It’s no secret that eating disorders are a real and pressing problem for today’s teenagers. According to the National Association of Anorexia Nervosa and Associated Disorders (ANAD), there are more than 24 million Americans with eating disorders and only 1 out of every 10 of those people will receive any treatment. ANAD indicates that more than 80% of eating disorders, including anorexia nervosa, begin in adolescence. Anorexia is the third most common chronic illness amongst adolescents and it carries a mortality rate twelve times that of any other cause of death for females between 15 and 35.
When you consider the life-long consequences and life threatening danger faced by people with anorexia nervosa, it is clear to see that early detection is critical. Whether you are a parent, a teacher, a coach, a best friend, or a boyfriend, it is more important than ever for everyone to know how to recognize the signs and symptoms of anorexia. Understanding what to look for and knowing what to do could help save the life of someone you love.
What Anorexia Nervosa Looks Like
Everyone has seen pictures of people with the tell-tale emaciation that can be caused by anorexia nervosa. But there are many other signs that someone in your life has this eating disorder that are less overt.
- Food consumption and weight management become an obsession. This is not your teenage daughter complaining that she looks fat today. This is an all encompassing obsession with how much food they eat and how many calories and fat grams each bite of food they take contains that can take over their life.
- Food consumption decreases to starvation levels. People with anorexia nervosa may stop eating around other people, start making plans that result in them missing regular mealtimes, and use extreme portion control to limit their caloric intake.
- Irregular growth and loss of hair. While it may seem strange to have both excess growth and abnormal loss, both can be seen in someone with anorexia nervosa. Lack of nutrition can cause hair to become brittle and fall out while lack of body fat can signal the body to grow more hair in an attempt to regulate body hair. This abnormal growth appears as a fine layer of hair on the face and body.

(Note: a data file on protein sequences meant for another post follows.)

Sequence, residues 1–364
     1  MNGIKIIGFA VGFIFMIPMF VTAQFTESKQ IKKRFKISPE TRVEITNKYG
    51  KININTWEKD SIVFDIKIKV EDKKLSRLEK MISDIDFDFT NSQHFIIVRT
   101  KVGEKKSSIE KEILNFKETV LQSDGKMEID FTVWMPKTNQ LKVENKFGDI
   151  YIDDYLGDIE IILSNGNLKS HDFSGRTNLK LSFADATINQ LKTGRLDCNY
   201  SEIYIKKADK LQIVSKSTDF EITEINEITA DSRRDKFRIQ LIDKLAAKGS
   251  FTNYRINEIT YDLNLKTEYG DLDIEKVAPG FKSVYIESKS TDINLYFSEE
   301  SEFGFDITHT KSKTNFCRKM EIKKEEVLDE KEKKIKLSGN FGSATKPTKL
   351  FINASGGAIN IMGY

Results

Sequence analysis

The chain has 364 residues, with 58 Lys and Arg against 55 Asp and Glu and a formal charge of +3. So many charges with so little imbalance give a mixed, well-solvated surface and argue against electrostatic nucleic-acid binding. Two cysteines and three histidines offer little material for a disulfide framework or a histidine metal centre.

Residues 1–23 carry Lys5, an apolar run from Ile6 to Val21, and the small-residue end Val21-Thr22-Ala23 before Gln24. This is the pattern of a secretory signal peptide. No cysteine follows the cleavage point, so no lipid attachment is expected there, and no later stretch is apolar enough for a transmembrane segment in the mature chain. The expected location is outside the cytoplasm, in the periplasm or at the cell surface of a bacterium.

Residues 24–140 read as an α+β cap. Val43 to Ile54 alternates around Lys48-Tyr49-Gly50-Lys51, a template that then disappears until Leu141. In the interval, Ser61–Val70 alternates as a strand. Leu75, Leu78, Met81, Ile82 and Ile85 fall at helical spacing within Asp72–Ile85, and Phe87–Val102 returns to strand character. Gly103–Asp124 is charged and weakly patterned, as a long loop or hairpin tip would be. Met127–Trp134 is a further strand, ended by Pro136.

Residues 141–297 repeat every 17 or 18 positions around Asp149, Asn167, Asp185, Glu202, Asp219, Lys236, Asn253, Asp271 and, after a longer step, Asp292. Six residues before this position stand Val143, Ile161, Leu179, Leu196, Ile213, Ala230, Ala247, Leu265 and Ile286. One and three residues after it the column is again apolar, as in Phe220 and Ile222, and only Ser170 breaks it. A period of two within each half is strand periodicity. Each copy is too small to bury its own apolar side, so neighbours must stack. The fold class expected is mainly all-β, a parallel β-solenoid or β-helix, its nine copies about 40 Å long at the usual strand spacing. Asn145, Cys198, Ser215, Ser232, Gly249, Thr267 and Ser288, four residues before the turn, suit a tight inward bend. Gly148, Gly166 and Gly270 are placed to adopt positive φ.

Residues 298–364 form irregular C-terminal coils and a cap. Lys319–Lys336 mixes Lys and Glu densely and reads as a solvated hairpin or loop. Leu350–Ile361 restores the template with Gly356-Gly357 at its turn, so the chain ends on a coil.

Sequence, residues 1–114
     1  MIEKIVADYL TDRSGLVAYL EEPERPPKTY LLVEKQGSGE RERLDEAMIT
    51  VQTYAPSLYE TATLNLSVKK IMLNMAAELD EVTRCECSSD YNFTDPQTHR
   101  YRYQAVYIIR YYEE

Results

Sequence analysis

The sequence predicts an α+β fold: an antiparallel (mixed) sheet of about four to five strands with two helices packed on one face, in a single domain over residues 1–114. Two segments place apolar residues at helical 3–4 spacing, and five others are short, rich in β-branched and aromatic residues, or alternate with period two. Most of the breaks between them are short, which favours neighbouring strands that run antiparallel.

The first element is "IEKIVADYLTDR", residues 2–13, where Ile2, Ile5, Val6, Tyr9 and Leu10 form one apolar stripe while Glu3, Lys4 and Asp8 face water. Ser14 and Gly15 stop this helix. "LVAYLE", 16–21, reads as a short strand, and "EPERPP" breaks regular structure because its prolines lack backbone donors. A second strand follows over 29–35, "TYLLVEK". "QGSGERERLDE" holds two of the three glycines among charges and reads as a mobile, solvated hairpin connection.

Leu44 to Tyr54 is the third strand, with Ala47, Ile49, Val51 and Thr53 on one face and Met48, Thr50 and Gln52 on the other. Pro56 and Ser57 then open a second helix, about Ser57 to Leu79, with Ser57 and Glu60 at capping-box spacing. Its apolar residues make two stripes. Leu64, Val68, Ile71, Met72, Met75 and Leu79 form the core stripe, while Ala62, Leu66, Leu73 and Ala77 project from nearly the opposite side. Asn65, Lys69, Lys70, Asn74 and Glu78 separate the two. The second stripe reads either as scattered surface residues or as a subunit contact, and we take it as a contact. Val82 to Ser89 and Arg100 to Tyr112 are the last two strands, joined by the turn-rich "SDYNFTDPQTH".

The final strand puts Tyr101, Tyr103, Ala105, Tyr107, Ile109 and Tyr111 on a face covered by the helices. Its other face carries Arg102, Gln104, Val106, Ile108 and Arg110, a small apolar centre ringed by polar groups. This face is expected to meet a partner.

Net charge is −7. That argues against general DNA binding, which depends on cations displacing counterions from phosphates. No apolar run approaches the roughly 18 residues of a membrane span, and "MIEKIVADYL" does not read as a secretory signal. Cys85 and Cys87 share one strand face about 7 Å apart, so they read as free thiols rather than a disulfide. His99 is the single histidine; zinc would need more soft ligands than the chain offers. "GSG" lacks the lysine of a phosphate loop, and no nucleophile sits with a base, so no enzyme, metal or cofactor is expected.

- Overuse and abuse of laxatives, diuretics, and diet pills.
- Consistently low body weight paired with a refusal to maintain a normal weight. This is an important distinction as some people who do not have an eating disorder may be perpetually below their ideal body weight. But someone who has a body weight more than 15% below their ideal weight who also refuses to gain enough to maintain a normal weight may be anorexic.
The Real Dangers of Being Anorexic
Anorexia nervosa takes an immediate toll on the body that results in abnormal weight loss and nutritional deficiencies. But it also causes other problems that can take longer to be seen and may have life-long impacts. It creates a type of mental fog that makes it difficult to concentrate and regulate mood fluctuations. It causes irregularities in the cardiovascular system including slow, uneven pulse rates, low blood pressure, shortness of breath, and dizziness. It also impacts the musculoskeletal system and can lead to stunted growth rates, an increase in bone fractures, and osteoporosis. It can result in abnormalities in thyroid function that cause fatigue, hair loss, and low body temperature. It can lead to dependence on laxatives or other pharmaceuticals that result in life-threatening conditions like electrolyte imbalances and dehydration. Overall lack of specific nutrients like potassium can also be immediately life threatening.
How You Can Help
The best way to help someone with an eating disorder is to be there for them and provide the support they need to regain their health throughout the various stages of recovery. That starts with speaking up when you have concerns and following through until you are no longer concerned or the person in your life gets the help they need. We at Doorways have trained counselors to treat teens and adolescents struggling with eating disorders such as Anorexia.
It is a common misconception that it takes years to die from anorexia nervosa. If you are concerned about someone in your life, don’t wait; they may have less time than you think.
- What is Anorexia? (doorwaysarizona.com)
- “Drunkorexia”: What Parents Should Know (doorwaysarizona.com)
- What is Bulimia? (doorwaysarizona.com)